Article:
Also worth noting is that Grim Creeper personifies the good concept, bad execution issue with Eagle Tower. He does involve only being defeated by destroying all 6 of his Keese buddies simultaneously. This would be an interesting battle if you couldn’t just corner camp with continuous sword swinging that will catch the Keese all swooping at you. However, I will say that Evil Eagle, despite screaming at the player to use the Shield as their non-weapon item to block his feathers during his flapping (by the way, the feathers don’t require the Mirror Shield to block, although the Mirror Shield is still strictly required for reaching Turtle Rock anyway) while being in a side-scroller segment, is actually a good fight, since he has different attacks with distinct tells for what he is doing, so fighting against him is a fair, balanced fight.

Journey to Turtle Rock

Now Eagle’s Tower is complete, it’s time for the final stretch and to make our way to Turtle Rock. Once we get out of Eagle’s Tower, our rooster friend appears to have gone missing. Jump off the ledge, then work your way through the cave network. You’ll meet the rooster once again, leave with him and you’ll find Marin. Hookshot across the gap to help Marin. Marin wants to say something to Link, but Tarin shows up and stops her. The Owl then shows us and talks about The Ballad of the Wind Fish being a Song of Awakening.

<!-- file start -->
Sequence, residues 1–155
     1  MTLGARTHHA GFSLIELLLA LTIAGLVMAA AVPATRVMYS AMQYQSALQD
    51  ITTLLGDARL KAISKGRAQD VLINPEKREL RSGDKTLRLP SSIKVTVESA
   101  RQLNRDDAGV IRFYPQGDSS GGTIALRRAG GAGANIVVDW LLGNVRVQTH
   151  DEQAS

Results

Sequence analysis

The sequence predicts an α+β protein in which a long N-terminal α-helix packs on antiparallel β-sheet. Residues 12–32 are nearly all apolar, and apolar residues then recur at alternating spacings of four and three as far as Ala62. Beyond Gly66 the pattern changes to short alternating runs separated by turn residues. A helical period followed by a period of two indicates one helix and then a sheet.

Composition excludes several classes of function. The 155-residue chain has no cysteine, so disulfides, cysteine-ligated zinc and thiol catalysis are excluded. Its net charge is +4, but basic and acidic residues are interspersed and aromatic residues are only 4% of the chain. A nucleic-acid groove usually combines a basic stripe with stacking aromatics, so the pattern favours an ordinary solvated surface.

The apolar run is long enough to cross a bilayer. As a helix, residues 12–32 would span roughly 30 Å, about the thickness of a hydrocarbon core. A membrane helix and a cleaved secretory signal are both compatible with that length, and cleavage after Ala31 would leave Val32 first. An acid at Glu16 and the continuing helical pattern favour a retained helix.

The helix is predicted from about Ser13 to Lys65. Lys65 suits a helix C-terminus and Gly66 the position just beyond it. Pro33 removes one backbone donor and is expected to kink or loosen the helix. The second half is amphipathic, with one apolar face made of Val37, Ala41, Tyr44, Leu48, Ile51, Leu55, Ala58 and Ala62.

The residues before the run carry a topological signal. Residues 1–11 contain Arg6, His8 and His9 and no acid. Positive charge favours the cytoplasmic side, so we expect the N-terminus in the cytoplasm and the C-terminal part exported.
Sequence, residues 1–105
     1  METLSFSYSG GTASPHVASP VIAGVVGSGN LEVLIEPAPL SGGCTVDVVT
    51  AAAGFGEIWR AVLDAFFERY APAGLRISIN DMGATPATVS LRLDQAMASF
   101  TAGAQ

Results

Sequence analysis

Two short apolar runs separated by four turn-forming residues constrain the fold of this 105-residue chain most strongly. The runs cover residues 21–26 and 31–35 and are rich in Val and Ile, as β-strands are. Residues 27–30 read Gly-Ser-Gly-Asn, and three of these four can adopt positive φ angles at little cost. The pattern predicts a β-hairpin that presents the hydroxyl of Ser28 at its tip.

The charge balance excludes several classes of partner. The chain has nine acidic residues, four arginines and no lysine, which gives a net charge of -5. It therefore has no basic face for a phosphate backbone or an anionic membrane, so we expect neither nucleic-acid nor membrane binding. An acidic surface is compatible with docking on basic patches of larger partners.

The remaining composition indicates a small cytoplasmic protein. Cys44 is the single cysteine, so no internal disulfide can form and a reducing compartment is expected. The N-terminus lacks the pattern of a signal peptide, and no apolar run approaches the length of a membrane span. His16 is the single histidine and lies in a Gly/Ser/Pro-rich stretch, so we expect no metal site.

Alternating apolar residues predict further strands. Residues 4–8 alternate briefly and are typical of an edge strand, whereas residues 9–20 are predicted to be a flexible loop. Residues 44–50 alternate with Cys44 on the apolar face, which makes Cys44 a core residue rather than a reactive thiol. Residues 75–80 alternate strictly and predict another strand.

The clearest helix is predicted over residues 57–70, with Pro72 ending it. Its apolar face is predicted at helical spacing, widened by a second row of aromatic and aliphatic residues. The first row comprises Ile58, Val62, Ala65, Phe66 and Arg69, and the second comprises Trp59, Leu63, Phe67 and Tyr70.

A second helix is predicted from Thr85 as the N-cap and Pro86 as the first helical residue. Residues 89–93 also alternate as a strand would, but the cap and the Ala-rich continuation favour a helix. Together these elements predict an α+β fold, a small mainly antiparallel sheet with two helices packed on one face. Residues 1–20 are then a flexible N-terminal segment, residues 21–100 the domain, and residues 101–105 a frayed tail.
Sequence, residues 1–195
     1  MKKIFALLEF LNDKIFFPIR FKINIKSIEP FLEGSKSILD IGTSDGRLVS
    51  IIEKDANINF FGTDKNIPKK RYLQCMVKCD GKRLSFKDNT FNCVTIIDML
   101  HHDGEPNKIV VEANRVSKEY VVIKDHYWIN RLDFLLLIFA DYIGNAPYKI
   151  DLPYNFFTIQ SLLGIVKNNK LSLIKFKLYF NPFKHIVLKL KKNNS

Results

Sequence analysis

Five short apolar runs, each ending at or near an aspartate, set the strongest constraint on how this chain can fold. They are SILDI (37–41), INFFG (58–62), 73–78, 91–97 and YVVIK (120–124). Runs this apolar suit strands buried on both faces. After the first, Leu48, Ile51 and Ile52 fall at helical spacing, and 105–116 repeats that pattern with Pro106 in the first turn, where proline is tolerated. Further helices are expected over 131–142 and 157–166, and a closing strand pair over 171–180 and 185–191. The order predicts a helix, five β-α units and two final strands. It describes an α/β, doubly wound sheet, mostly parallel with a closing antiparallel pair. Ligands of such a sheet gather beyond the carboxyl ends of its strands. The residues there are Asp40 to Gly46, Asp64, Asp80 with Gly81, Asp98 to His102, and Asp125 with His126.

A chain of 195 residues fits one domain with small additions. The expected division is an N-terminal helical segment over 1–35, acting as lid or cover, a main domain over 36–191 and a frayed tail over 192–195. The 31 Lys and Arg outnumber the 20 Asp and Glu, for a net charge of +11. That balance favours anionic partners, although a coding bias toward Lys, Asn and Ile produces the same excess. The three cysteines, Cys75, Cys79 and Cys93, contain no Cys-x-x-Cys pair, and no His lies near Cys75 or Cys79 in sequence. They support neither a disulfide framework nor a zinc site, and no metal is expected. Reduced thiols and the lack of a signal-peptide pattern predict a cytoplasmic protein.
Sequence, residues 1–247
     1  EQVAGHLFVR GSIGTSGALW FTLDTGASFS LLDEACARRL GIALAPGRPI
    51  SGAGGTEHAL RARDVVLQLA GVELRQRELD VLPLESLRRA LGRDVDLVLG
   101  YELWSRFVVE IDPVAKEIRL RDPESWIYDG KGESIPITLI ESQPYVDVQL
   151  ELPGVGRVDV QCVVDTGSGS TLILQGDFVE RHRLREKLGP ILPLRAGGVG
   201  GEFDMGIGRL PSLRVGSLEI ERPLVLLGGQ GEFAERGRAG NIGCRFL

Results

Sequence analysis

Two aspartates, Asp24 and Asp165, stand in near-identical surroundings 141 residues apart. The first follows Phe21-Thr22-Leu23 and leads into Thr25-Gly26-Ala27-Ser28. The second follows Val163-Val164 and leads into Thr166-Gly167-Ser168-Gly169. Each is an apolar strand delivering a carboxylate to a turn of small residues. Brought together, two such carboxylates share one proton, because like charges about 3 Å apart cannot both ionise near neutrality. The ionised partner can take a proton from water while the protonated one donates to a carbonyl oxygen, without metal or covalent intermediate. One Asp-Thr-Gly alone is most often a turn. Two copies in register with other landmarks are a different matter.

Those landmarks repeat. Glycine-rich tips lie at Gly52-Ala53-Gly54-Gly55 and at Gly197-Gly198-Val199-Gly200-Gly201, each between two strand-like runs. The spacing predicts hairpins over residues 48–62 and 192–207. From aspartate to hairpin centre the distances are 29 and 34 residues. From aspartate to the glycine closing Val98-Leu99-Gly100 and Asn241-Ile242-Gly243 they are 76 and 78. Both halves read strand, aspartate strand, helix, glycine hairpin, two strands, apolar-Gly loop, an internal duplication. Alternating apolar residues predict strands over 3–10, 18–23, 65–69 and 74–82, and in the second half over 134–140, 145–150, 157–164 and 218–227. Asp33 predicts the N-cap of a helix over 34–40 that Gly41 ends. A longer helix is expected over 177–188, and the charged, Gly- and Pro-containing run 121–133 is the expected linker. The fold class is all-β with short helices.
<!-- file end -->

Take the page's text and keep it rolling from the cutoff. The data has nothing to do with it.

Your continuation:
You’ll want to make your way to Western Tal Tal Mountain range and find the Giant Turtle. The Owl spoke about this creature and we need to bring it back to life, and we know a song that will do that, the Song of Soul. The Turtle then moves its head, then it charges and you’ll want to jump out of the way and let it crash into the wall. While it’s stunned, use a bomb to break it’s mask off, and repeat until the mask falls off.